Well, we got blasted by a snow storm these last two days. We went to bed and woke up to find 5 or 6 inches on the ground, it still snowing (it snowed the rest of the day), and wind so bad that there are icicles on our porch that go sideways. Unfortunately, I forgot to take a picture of those…
Something great to report on is that the work is moving forward! We have 4 different people that we are working with that are all very close to baptism. The last two weeks were a little frustrating because we had to give up 3 investigators with baptismal dates to the 1st Ward missionaries due to a confusion in ward boundaries, but it’s okay because we are all on the same team and a baptism here is just as good as there. One thing that I have come to find though, is that all that we go through is there to prepare us for the future.
Here’s a story on that topic that President Dieter F. Uchtdorf shared in the Priesthood Session of the April 2006 General Conference:
“When I was 11 years old, my family <http://www.mormon.org/values/family> had to leave East Germany and begin a new life in West Germany overnight. Until my father could get back into his original profession as a government employee, my parents operated a small laundry business in our little town. I became the laundry delivery boy. To be able to do that effectively, I needed a bicycle to pull the heavy laundry cart. I had always dreamed of owning a nice, sleek, shiny, sporty red bicycle. But there had never been enough money to fulfill this dream.What I got instead was a heavy, ugly, black, sturdy workhorse of a bicycle. I delivered laundry on that bike before and after school for quite a few years. Most of the time, I was not overly excited about the bike, the cart, or my job. Sometimes the cart seemed so heavy and the work so tiring that I thought my lungs would burst, and I often had to stop to catch my breath. Nevertheless, I did my part because I knew we desperately needed the income as a family, and it was my way to contribute.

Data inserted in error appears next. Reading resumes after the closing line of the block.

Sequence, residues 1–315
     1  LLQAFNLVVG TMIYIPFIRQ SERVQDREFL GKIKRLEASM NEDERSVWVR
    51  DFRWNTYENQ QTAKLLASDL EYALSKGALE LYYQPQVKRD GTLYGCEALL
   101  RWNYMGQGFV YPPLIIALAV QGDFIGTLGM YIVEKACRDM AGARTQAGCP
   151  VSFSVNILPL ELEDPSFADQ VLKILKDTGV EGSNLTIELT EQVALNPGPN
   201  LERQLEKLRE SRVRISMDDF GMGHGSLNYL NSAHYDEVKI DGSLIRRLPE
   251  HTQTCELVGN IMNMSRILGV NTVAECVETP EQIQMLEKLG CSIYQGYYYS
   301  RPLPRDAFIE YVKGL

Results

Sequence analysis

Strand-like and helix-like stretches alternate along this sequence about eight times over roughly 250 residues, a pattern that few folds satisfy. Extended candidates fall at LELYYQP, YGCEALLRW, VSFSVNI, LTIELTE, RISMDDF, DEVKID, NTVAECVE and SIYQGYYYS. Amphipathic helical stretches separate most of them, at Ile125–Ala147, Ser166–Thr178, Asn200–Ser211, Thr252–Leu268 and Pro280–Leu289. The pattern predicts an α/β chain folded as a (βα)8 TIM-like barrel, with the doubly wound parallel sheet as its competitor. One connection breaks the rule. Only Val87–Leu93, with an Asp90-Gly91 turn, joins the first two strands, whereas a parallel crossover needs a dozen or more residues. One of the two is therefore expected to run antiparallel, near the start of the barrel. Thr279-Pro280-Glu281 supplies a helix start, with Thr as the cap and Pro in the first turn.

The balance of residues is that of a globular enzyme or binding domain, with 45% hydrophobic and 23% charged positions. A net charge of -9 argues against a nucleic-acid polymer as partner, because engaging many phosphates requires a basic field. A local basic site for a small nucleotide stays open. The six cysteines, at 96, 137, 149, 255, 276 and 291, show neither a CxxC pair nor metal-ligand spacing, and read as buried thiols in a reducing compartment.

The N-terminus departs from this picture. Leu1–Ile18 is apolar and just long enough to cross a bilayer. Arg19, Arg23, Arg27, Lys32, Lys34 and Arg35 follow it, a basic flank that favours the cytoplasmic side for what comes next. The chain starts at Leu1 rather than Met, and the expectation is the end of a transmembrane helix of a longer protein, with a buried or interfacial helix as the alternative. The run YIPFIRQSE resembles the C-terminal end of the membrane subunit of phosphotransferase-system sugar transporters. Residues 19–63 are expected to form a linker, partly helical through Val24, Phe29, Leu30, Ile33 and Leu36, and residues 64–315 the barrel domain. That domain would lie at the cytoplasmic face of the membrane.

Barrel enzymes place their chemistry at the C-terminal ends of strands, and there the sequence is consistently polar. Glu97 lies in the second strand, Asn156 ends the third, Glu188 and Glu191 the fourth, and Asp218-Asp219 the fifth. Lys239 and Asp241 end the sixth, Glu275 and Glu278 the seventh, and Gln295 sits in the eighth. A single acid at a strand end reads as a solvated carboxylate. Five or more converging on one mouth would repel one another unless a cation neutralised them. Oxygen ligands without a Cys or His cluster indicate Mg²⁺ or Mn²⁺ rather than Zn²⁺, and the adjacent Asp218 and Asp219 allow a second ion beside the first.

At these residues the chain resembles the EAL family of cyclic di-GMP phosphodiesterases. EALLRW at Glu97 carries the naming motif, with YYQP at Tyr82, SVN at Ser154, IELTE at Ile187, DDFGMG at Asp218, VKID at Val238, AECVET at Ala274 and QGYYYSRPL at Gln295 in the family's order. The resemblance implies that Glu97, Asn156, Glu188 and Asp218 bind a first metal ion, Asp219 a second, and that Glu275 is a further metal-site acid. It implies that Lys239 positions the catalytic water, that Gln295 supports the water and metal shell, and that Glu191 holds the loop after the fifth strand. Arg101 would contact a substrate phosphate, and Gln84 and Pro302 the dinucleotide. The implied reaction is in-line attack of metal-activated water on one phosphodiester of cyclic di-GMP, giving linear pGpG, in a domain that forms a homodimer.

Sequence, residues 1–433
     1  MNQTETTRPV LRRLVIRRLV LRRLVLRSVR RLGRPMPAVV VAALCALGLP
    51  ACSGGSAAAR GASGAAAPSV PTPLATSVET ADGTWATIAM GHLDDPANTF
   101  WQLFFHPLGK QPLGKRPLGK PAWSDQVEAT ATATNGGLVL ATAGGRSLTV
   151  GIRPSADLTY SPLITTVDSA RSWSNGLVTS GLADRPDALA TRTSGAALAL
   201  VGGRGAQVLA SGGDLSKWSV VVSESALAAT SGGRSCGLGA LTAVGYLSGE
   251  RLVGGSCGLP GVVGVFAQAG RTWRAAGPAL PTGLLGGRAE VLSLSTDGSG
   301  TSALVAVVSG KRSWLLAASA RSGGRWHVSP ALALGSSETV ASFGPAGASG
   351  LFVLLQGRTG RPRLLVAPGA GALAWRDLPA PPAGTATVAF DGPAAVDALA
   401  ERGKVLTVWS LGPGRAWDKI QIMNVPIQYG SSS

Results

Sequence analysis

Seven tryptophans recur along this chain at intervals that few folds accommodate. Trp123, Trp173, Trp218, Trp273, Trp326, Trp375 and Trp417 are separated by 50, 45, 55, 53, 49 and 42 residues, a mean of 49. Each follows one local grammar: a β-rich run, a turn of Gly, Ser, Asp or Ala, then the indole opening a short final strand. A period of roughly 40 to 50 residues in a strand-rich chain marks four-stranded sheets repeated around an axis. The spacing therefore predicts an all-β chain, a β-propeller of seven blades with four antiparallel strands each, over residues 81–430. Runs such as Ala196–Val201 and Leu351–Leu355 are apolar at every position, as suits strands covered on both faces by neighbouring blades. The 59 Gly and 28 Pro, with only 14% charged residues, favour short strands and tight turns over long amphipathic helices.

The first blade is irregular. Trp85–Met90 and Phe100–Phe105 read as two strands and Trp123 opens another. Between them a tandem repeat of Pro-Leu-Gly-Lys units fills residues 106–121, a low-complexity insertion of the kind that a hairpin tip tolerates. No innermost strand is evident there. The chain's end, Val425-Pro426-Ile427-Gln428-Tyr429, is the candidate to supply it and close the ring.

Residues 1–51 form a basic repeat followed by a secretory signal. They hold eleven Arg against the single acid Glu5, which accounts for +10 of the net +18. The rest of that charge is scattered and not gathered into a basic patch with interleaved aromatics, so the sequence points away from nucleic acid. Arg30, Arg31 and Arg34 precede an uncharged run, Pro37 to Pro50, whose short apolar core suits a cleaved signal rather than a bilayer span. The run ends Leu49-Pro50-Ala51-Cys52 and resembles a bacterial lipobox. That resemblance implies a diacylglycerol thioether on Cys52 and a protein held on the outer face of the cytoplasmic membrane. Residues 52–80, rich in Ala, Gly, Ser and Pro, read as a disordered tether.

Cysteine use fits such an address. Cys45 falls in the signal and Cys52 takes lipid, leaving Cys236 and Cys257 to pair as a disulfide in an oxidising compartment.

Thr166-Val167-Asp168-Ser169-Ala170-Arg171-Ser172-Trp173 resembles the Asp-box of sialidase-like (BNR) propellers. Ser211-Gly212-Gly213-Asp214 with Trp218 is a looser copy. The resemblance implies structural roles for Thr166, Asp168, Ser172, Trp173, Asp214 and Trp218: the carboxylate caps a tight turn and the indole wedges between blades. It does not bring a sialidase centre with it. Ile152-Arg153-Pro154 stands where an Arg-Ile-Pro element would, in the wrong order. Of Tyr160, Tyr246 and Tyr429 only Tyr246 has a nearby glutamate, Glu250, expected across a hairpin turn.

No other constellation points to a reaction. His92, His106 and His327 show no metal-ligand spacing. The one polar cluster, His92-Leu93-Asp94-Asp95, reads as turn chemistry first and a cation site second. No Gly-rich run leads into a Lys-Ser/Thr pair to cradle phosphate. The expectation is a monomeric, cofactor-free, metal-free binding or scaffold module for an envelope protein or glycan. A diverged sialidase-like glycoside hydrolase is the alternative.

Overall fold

If I had only known back then what I learned many years later—if I had only been able to see the end from the beginning—I would have had a better appreciation of these experiences, and it would have made my job so much easier.
Many years later, when I was about to be drafted into the military, I decided to volunteer instead and join the Air Force to become a pilot. I loved flying and thought being a pilot would be my thing.
To be accepted for the program I had to pass a number of tests, including a strict physical exam. The doctors were slightly concerned by the results and did some additional medical tests. Then they announced, “You have scars on your lung which are an indication of a lung disease in your early teenage years, but obviously you are fine now.” The doctors wondered what kind of treatment I had gone through to heal the disease. Until the day of that examination I had never known that I had any kind of lung disease. Then it became clear to me that my regular exercise in fresh air as a laundry boy had been a key factor in my healing from this illness. Without the extra effort of pedaling that heavy bicycle day in and day out, pulling the laundry cart up and down the streets of our town, I might never have become a jet fighter pilot and later a 747 airline captain.”
Let us all keep pressing forward with the faith and assurance that there is a Heavenly Being, even our Heavenly Father, that watches over us from above. He can make more of our lives than we can. Trust in Him and do your best. There’s no better recipe for success.
Faith and Honor,